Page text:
Friday, June 23, 2006

And God said...let there be Legos!

This site has contructed hundreds of scenes from the Bible out of Legos. It's both hiliarious and oddly fascinating. Of course, the Catholic schoolgirl buried inside of me secretly loves Bible stories, especially the ones I remember vividly from the book I was allowed to read during Sunday Mass, "Little Ones Listen to God".

Wednesday, June 21, 2006

My man Junior

My beloved Reds are in town this week playing the Mets, and here's a nice column from The Daily News that semi-sings Ken Griffey Jr's praises. (Yeah, I almost cried when the Reds traded for him and brought him home; that is, before he got hurt for his next four years in what??)

It's the only time all year I'll probably see them, so here's to hoping they keep up the pace and end up in the playoffs for the first time since 1995. One positive and interesting note: thus far this year, the division-leading Cardinals are 5-12 against the Reds and Cubs.

Tuesday, June 20, 2006

Yankee or Reb?

Here's an entertaining little quiz that will tell you just how southern you are, based on how you pronounce certain words. Me?? I'm 46% Dixie. (And, p.s., always a sucker for boys who call me "Darlin'"...)

Monday, June 19, 2006

O Dr. Ralph

I had the pleasure on my birthday last Wednesday of seeing the 79-year-old Dr. Ralph Stanley perform in downtown Manhattan. Dr. Ralph is considered to be the father of mountain-style bluegrass music. His decorated career spans over 60 years, beginning with his brother Ira in the Stanley Brothers to becoming a member of the Grand Ole Opry to numerous awards to over 200 albums to his acceptance in the Bluegrass Hall of Fame.

Due to a threat of rain, the concert was unfortunately moved indoors to the swanky auditorium of Stuyvesant High School, where we were crammed into seats and forced to shush ourselves throughout the performance. Bluegrass seems to me to be made for outdoor venues where that "high lonesome sound" can float through the air to listeners. I had high hopes for hearing Dr. Ralph's glorious old-time voice while sitting on the Hudson riverbank on a hot summer night eating meats and cheeses, but it was not to be. The bonus of being indoors was that I was able to meet the man himself, and get a signed CD offa him for a steep $20. And if anyone deserves my $20, it's Dr. Ralph...

Tres Chicas, including Caitlan Cary formerly of Whiskeytown, opened the show and bored us to tears with their samey-sounding sounds. Pleasant enough voices sung by girls in bad dresses but a total snoozefest. Dr. Ralph took the stage around 8:15 and led his Clinch Mountain Boys through a set that was heavy on the sales pitch and light on the music. Dr. Ralph has that Grand Ole Opry/classic country persona that seamlessly melds the music with the product so that you don't realize you are in the middle of a commercial until he's almost done with the cornball patter. At least the only products heavily pushed here were CDs from all 6 Clinch Mountain Boys members.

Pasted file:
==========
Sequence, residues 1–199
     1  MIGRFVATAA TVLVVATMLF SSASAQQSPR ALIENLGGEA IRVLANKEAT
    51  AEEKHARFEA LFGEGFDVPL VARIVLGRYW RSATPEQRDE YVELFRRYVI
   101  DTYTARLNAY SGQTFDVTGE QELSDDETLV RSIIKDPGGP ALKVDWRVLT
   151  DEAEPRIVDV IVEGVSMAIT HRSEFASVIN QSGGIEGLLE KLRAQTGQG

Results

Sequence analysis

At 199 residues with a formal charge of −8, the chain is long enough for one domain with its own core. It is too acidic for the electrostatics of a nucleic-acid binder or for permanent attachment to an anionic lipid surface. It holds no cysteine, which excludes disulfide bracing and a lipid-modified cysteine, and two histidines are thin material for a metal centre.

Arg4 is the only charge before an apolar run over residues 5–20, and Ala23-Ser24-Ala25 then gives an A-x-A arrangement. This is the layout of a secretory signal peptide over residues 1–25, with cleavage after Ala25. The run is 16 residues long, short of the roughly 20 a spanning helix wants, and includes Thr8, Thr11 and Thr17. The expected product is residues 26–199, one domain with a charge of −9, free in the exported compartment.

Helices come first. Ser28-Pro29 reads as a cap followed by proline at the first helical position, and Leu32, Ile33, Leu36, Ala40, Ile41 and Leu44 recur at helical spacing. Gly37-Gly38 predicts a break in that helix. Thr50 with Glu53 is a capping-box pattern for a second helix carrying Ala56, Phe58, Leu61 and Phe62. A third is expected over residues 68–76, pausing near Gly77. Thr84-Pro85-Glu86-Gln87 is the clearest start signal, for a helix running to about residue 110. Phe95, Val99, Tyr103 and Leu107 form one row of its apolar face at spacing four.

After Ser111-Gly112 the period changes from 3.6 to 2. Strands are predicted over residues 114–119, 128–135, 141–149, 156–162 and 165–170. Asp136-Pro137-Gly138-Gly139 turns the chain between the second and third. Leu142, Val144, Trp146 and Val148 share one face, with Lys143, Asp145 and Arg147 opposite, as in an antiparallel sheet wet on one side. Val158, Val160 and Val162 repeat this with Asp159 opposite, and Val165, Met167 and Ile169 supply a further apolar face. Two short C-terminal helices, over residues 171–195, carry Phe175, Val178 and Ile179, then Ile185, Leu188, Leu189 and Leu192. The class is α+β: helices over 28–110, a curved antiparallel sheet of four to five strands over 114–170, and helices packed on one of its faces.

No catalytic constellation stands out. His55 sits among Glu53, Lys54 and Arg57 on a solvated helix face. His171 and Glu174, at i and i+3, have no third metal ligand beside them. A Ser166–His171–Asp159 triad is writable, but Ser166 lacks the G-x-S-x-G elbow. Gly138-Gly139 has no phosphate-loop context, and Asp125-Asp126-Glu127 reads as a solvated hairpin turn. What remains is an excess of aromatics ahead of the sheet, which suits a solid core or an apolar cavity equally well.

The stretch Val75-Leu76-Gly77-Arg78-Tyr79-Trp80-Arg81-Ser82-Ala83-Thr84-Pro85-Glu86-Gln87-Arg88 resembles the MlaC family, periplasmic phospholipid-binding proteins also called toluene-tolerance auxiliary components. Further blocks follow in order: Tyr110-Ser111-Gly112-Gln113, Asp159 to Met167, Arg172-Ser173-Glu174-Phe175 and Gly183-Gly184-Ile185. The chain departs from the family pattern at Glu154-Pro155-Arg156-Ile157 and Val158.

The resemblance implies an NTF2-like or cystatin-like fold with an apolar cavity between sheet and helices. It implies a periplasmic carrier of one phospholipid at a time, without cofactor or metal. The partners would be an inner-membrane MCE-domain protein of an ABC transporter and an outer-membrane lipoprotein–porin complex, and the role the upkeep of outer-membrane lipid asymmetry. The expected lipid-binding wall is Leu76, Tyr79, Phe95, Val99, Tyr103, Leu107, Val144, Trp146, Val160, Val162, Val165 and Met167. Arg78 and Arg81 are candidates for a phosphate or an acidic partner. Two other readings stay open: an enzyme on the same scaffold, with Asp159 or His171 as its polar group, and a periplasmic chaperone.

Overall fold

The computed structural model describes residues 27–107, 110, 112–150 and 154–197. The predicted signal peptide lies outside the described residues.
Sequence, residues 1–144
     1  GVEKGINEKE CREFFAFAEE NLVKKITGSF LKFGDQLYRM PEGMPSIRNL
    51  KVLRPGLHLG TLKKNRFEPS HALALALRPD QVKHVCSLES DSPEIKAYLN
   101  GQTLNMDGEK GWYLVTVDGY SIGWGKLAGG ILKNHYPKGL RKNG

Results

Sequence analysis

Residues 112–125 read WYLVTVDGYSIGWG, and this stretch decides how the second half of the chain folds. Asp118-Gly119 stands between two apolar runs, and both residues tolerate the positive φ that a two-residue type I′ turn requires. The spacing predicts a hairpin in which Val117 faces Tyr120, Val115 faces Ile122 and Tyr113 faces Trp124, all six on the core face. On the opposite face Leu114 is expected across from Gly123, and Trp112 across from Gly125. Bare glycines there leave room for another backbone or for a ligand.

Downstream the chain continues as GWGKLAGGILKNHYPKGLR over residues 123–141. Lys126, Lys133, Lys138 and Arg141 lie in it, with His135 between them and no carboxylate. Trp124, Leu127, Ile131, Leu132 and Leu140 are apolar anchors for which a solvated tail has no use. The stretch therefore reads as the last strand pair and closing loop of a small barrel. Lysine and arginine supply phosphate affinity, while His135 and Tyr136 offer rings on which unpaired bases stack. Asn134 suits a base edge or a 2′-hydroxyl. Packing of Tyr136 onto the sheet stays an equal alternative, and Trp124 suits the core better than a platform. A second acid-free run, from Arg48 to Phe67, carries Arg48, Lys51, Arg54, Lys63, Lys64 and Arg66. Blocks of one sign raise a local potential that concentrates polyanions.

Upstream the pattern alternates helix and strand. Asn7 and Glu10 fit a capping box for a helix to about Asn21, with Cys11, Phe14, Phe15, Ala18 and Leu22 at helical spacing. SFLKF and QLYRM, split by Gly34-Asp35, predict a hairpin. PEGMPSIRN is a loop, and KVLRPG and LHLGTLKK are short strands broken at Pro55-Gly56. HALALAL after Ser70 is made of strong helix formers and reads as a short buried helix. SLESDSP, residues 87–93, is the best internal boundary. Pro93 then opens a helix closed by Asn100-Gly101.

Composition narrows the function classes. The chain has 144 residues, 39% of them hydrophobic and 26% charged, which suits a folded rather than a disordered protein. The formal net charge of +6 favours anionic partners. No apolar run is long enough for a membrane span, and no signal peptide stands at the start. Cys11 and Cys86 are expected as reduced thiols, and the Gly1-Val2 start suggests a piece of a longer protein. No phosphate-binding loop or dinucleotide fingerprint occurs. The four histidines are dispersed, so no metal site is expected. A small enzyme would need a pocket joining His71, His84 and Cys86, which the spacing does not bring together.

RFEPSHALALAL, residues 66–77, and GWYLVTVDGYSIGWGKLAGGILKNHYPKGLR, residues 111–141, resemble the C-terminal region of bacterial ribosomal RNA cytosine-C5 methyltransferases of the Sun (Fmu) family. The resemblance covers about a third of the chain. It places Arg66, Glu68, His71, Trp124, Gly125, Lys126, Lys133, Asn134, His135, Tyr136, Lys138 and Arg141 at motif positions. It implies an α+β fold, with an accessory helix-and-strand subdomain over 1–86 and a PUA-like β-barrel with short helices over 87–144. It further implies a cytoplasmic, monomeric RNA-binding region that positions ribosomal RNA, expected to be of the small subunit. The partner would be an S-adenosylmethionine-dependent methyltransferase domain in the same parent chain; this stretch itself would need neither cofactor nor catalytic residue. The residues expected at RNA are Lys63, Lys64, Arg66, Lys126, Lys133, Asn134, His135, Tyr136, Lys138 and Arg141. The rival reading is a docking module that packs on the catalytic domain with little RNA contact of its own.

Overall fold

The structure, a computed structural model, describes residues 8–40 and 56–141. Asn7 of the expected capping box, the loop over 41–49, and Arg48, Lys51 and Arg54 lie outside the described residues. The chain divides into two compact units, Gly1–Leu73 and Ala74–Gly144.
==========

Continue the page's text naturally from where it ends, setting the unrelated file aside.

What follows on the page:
Since I last saw Dr. Ralph 5 years ago, he's noticeably aged (and underwent triple bypass surgery last year). For most of the set, he stood back or sat down, just behind the band in his red-and-black western shirt, and let the other members take turns singing leads (including 45-year-old son and heir apparent, Ralph II, and his 13-year-old grandson, Nathan on mandolin). He said allergies had, disappointingly, made him hoarse for much of the tour. You can tell Dr. Ralph is slowing down some, and touring the 200 days a year or whatever he used to do is rougher on him than it used to be.

That said: catch the man while you can. He's a national treasure and one of the true originals.

Wednesday, June 14, 2006

The Geek Had It Coming

From today's New York Times coverage of a tourist from Texas who was stabbed randomly on the C train yesterday:

“He’s a smart, very bright kid,” his aunt said. “He’s not violent. He’s pretty passive.”

She described her nephew as a big science fiction and fantasy fan who used to collect Star Wars paraphernalia.

Poor guy, his mention in the paper of record also brings up his obsession with the Dork Arts. I'm sure he'll live that down with his friends and family, um..... never.

P.S. He's going to be okay and they nabbed the guy who was running amok stabbing people without provocation. At least he helped reinvigorate that early 90s vibe of "NYC is a SCARY place" by committing random crimes against tourists that are guaranteed to generate loads of media coverage.

Tuesday, June 13, 2006

Traveling and eating are about letting things happen...

...So says Mr. Anthony Bourdain, the best-selling author of Kitchen Confidential, among other titles. As much as I want to dislike his arrogant puss, the man talks some serious sense about food. Arrogance is always more tolerable when the person is dead-on about their topic. His No Reservations show on the Travel Channel is always entertaining, high on the gross-out factor (sharing a still-warm raw baby seal in Northern Quebec with an Inuit family), and highly recommended.